In most cases you don't need PWM, just turn the heating pads on and off. Do you really need that fine control ? Perhaps for some special chemical process ?
For RC are battery packs of 7.2V up to 12V, and there are 12V Li-ion battery packs. But don't buy a 12V li-ion battery pack from Ebay, they are unreliable and not safe.
Some use a battery pack from power tools.

With a battery pack there is always the risk that one cell will fail. Only the best battery packs are capable to charge every cell on its own.

Do you have to carry the battery around with you ?

At 15Ah, a normal gel-lead-acid battery would do fine.
Use a normal charger for lead-acic batteries.
It is simple, safe and straightforward.

You will find a lot 12V gel-lead-acid batteries at www.elektronica-online.nl and at www.conrad.nl
Search for : onderhoudsvrije loodaccu

While I was typing this, mauried also mentioned Sealed Lead Acid batteries.

Gel cell batteries are not the same as AGM batteries
Gel cell batteries require a special Lower Voltage Charger.

I recommend using 12 Volt, 18AH, AGM Deep Cycle Sealed Lead Acid Batteries.
One 12Volt, 18AH AGM Battery will run one heating pad continuously for about 9 Hours.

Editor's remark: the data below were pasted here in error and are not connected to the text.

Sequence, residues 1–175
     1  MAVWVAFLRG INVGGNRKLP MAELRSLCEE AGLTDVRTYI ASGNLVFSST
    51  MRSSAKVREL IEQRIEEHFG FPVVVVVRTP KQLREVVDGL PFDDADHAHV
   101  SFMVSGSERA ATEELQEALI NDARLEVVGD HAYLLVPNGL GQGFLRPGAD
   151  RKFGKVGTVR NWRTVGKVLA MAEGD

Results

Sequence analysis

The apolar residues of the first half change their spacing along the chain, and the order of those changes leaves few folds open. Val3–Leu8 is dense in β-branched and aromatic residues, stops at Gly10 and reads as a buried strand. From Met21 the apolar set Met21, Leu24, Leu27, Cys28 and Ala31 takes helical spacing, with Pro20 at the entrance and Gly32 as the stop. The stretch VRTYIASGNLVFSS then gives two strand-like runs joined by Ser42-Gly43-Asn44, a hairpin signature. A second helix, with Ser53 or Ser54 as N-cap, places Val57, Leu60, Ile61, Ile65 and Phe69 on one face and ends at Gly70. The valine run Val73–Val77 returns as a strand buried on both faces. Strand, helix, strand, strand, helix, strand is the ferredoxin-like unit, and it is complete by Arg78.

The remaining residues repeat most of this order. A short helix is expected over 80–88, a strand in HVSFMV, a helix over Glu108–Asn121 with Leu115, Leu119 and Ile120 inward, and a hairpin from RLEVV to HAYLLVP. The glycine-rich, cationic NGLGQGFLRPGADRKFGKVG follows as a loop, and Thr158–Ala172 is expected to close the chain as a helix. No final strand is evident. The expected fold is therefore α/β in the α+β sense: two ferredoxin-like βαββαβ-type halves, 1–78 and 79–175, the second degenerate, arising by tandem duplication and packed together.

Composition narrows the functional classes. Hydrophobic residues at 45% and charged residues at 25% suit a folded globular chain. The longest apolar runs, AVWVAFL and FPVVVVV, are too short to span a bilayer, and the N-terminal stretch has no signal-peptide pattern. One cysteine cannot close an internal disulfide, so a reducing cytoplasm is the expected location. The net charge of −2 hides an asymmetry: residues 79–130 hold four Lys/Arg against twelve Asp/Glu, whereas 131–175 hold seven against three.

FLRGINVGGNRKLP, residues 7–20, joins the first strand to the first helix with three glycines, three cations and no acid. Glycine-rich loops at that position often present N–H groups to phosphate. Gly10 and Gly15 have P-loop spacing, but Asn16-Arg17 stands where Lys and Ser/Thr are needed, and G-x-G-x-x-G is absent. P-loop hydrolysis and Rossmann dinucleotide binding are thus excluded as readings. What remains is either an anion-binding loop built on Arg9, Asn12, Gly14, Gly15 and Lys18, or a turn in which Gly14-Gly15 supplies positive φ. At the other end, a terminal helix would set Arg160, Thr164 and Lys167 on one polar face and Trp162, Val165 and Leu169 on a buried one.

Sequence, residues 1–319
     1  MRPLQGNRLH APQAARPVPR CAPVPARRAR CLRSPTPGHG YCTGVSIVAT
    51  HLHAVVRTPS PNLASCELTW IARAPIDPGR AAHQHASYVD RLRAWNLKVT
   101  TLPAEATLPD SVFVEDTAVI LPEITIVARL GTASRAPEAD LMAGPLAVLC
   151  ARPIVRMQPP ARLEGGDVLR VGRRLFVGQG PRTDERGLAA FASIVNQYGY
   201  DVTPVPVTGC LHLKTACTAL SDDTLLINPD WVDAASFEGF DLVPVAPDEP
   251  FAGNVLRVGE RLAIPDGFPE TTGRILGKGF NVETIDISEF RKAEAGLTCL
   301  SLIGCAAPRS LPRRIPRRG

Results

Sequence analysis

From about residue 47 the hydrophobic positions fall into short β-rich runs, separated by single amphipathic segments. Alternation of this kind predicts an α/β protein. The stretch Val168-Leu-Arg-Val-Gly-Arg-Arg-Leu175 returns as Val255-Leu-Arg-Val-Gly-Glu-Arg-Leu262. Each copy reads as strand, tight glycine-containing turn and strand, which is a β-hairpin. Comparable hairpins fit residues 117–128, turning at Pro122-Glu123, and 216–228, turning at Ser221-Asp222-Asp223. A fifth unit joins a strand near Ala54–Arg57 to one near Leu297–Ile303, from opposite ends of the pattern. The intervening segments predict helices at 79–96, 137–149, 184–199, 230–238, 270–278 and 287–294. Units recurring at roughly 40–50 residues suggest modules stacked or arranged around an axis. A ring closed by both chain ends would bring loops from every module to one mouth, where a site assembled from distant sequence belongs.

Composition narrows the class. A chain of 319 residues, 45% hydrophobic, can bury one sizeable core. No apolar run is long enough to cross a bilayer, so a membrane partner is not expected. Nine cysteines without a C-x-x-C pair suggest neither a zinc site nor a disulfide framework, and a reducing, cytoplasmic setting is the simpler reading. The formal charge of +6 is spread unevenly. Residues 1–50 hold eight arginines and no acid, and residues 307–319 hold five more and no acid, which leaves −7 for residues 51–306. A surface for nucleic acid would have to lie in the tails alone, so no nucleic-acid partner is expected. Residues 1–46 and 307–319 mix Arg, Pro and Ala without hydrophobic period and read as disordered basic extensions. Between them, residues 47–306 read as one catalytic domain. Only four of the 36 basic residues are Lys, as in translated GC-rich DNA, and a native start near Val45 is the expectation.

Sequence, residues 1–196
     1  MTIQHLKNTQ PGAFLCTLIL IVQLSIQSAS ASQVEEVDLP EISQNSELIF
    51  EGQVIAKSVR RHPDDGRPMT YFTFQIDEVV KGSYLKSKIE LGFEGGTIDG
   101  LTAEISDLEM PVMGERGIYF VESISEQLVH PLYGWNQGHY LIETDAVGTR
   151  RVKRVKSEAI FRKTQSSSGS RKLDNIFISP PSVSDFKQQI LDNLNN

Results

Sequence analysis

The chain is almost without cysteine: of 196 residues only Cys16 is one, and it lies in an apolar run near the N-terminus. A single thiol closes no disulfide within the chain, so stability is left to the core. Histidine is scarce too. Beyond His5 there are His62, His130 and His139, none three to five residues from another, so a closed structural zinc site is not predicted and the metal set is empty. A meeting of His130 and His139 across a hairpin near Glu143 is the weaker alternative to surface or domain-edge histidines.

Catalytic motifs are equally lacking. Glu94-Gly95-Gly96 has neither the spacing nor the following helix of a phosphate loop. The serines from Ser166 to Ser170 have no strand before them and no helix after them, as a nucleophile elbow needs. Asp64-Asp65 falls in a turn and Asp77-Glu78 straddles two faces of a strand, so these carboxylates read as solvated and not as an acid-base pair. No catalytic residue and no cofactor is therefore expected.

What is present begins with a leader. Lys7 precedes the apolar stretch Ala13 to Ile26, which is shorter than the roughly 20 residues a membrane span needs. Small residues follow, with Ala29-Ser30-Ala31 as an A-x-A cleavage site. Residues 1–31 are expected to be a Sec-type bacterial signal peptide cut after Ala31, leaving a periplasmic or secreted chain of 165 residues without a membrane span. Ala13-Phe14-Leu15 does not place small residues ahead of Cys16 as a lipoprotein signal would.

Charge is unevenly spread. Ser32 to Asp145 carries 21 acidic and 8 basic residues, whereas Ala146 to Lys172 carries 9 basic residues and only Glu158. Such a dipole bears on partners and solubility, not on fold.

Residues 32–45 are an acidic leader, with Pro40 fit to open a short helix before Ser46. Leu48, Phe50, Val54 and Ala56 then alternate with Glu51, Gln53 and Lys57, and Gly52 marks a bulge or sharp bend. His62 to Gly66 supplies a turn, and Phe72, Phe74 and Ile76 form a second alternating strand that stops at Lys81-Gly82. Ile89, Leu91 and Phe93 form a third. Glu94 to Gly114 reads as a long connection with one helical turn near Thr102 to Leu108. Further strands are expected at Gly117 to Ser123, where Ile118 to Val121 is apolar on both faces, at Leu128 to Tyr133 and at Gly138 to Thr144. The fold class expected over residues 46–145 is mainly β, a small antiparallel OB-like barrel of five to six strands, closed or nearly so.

Maybe, 18 hours at 50% Duty Cycle.

12 Volt, 18AH, AGM Deep Cycle = $35.00 each
AGM_12V_18AH

Use one battery per heating pad?

Use a $10.00 DC-to-DC Buck Inverter to make 5 Volts for Arduino.

EDIT:
I forgot to de-rate capacity for 50% Depth-Of-Discharge.
Which is still pushing the DOD limit.
So, about 4.5 hours continuously and 9 hours at 50% Duty Cycle.
Use one Battery per heater.

I reckon that simple deep-cycle sealed lead acid batteries will be cheaper than AGM batteries and perfectly adequate.

You should assume that the practical capacity of a lead-acid battery is about 50% of the sticker capacity. And make sure that the batteries are fully recharged as soon as possible after use.

A heater will need a very large battery.

...R

Robin2:
I reckon that simple deep-cycle sealed lead acid batteries will be cheaper than AGM batteries and perfectly adequate.

You should assume that the practical capacity of a lead-acid battery is about 50% of the sticker capacity. And make sure that the batteries are fully recharged as soon as possible after use.

A heater will need a very large battery.

...R

You are correct, in the real world,
Lead Acid batteries can not be 100% DOD and live a long life.

Heater specs:
only 1 amp at 5 volts
So, 2.4 amps at 12 volts?

The OP requested only 15AH.
Two 12V 18AH AGM's, one for each heater, at 50% DOD,
will actually supply 18 AH to the heaters and I am at budget of $70.

mrsummitville:
Heater specs:
only 1 amp at 5 volts
So, 2.4 amps at 12 volts?

With 2.4 amps it will get 2.4 times as hot - is that what you want?

Perhaps you need PWM to reduce the average voltage from the 12v battery.

...R

Robin2:
With 2.4 amps it will get 2.4 times as hot - is that what you want?

Perhaps you need PWM to reduce the average voltage from the 12v battery.

...R

Yes, that is exactly what the OP requested ...
9 Volt to 12 Volts Battery with 15AH capacity
PWM mosfet controlled temperature